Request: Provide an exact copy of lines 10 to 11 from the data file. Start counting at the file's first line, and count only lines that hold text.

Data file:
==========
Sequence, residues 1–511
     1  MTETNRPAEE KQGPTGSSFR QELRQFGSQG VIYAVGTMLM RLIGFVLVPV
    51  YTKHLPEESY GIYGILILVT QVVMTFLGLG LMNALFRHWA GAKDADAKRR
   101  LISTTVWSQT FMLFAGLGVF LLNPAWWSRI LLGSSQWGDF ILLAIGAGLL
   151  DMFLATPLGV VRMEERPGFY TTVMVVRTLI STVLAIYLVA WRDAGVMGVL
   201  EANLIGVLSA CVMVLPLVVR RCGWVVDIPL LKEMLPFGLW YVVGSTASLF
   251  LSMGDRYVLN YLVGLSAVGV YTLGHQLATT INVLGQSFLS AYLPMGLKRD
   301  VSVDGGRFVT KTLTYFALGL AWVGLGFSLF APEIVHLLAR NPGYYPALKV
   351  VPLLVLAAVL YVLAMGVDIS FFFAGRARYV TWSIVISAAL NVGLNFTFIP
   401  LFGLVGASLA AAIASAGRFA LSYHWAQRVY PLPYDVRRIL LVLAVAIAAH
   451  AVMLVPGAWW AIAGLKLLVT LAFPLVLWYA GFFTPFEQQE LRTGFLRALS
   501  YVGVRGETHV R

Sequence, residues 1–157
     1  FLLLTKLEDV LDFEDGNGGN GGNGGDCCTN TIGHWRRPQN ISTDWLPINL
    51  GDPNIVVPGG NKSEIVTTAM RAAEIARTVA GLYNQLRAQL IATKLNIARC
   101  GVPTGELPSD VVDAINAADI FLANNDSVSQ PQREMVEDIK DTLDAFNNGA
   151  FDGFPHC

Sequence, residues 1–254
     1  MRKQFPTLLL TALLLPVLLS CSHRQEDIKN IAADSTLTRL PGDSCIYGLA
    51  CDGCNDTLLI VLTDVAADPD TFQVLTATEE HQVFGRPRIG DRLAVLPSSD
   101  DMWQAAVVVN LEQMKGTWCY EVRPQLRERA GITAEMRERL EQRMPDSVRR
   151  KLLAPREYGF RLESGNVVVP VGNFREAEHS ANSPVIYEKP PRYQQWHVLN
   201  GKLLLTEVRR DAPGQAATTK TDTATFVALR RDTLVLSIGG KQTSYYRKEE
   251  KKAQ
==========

   401  LFGLVGASLA AAIASAGRFA LSYHWAQRVY PLPYDVRRIL LVLAVAIAAH
   451  AVMLVPGAWW AIAGLKLLVT LAFPLVLWYA GFFTPFEQQE LRTGFLRALS